Government criticised over 'suppressed' extremist report
A government refusal to publish a report on the funding of UK Islamist extremist groups has been criticised.
The home secretary has issued a two-page summary which concluded most organisations were funded via small, anonymous British-based donations.
Amber Rudd said she had decided to do so for national security reasons.
Opposition parties claimed the internal review was being "suppressed" to protect Saudi Arabia which has been accused of being a source of funding.
The Home Office has been under pressure for months to publish its investigation into the "nature, scale and origin of the funding".
Ms Rudd said another reason for not making the report public was because of the personal information it contained.
Some MPs will be allowed to view the report in private but without revealing its contents.
The summary of the report concluded that most extremist organisations got their money, often hundreds of thousands of pounds, from individual donors in the UK.
But it also confirmed that a small minority did get significant funds from overseas. These, it said, taught "deeply conservative forms of Islam" to individuals who became "of extremist concern".
From now on, charities will have to declare any overseas funding to the Charity Commission.
The summary said: "The most common source of support for Islamist extremist organisations in the UK is from small, anonymous public donations, with the majority of these donations most likely coming from UK-based individuals.
"In some cases these organisations receive hundreds of thousands of pounds a year."
It added: "For a small number of organisations with which there are extremism concerns, overseas funding is a significant source of income.
"However, for the vast majority of extremist groups in the UK, overseas funding is not a significant source. Overseas support has allowed individuals to study at institutions that teach deeply conservative forms of Islam and provide highly socially conservative literature and preachers to the UK's Islamic institutions.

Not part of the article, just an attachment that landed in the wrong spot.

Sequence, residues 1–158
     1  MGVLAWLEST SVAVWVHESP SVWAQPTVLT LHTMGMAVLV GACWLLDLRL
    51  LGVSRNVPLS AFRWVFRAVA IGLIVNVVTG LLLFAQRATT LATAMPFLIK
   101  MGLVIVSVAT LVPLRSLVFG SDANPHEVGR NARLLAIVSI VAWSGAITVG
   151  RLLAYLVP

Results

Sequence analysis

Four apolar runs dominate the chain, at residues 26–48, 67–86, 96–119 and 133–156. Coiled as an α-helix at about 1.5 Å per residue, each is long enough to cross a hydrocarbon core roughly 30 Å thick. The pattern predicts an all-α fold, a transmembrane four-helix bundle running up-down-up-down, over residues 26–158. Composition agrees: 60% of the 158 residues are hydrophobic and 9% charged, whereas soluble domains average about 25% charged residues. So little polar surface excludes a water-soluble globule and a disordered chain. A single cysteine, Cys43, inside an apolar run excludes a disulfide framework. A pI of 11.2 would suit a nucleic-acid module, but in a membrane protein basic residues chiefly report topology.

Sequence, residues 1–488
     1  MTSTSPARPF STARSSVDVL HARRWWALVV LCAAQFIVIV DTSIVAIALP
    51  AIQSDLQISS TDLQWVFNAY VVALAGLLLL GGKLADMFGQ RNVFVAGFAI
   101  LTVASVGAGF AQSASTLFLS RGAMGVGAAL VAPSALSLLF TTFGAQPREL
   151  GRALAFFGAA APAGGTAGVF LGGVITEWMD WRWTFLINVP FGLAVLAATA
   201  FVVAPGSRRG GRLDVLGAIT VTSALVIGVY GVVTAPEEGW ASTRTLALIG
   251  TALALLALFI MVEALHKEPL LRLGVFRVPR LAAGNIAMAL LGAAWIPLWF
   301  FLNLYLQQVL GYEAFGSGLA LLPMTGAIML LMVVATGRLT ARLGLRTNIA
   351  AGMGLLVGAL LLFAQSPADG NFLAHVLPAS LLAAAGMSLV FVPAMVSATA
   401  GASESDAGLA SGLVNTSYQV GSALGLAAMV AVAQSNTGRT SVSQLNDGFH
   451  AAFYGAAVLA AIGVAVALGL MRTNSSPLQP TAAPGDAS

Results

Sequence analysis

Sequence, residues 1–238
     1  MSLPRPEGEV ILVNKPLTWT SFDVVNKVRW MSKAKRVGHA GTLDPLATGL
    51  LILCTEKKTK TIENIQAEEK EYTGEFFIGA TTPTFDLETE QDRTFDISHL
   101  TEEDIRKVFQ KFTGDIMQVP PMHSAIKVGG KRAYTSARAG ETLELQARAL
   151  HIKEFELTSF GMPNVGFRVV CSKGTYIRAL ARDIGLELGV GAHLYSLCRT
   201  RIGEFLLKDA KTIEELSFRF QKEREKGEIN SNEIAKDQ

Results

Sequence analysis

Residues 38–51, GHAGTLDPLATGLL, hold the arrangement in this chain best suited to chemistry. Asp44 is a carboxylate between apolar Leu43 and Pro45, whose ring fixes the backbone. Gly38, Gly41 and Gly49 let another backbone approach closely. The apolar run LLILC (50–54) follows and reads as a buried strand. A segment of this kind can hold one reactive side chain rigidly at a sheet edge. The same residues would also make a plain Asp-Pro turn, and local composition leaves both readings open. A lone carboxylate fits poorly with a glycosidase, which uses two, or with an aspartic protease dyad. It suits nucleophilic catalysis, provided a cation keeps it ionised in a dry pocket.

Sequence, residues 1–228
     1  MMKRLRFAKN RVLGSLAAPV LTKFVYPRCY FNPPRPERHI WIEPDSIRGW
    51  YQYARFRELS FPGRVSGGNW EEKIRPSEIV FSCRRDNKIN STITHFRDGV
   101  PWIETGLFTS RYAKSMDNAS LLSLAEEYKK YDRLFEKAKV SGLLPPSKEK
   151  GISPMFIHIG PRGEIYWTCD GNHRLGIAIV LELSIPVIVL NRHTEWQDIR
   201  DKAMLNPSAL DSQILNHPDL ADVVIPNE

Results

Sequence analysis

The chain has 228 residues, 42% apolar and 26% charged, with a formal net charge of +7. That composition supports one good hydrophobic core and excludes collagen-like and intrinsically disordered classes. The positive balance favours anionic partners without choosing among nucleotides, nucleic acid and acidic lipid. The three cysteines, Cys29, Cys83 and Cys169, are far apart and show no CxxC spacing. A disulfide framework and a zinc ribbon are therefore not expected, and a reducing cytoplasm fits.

"Some of these individuals have since become of extremist concern."
The government's refusal to publish the full report angered opposition parties which accused ministers of trying to protect allies such as Saudi Arabia which has long been accused of being a source of extremist funding, something it has long denied.
The Green Party co-leader Caroline Lucas said there was a deep complicity between Whitehall and Riyadh.
She said: "The statement gives absolutely no clue as to which countries foreign funding for extremism originates from - leaving the government open to further allegations of refusing to expose the role of Saudi Arabian money in terrorism in the UK."
The Lib Dem leader, Tim Farron, said the government was putting its friendship with Saudi Arabia ahead of its values.
He said: "What we want to know is who are the violent extremists and who are their funders.
"This report clearly has found some of that out and we're bound to start suspecting all the more now that the sources of funding must be from the likes of Saudi Arabia, Qatar, otherwise the government wouldn't be so embarrassed that they won't tell us the truth."
Shadow home secretary Diane Abbott, said: "There is a strong suspicion this report is being suppressed to protect this government's trade and diplomatic priorities, including in relation to Saudi Arabia. The only way to allay those suspicions is to publish the report in full."
Cutting off the funding
The Home Office insisted diplomatic relations played no part in the decision not to make the full report public.
In a blog published on its website, the Home Office said: "The former prime minister [David Cameron] was clear when committing to the review in the House that it would report to the home Secretary and prime minister.
No commitment was made to publish the review... Contrary to suggestions by some media outlets, diplomatic relations played absolutely no part in the decision not to publish the full report."
The home secretary said: "This government is committed to stamping out extremism in all its forms and cutting off the funding that fuels it.
"The Commission for Counter-Extremism, which the prime minister announced earlier this year, will have a key role to play in this fight.
"We are determined to cut off all funding that fuels the evils of extremism and terrorism, and will work closely with international and domestic partners to tackle this threat."